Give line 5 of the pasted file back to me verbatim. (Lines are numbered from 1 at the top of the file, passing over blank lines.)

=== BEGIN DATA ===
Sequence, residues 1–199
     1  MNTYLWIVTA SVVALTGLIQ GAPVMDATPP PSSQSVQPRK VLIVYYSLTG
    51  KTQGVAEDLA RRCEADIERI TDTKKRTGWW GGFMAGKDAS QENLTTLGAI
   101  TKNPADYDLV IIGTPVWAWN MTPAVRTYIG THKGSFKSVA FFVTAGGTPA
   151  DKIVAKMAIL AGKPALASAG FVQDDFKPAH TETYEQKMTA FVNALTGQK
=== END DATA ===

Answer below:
   151  DKIVAKMAIL AGKPALASAG FVQDDFKPAH TETYEQKMTA FVNALTGQK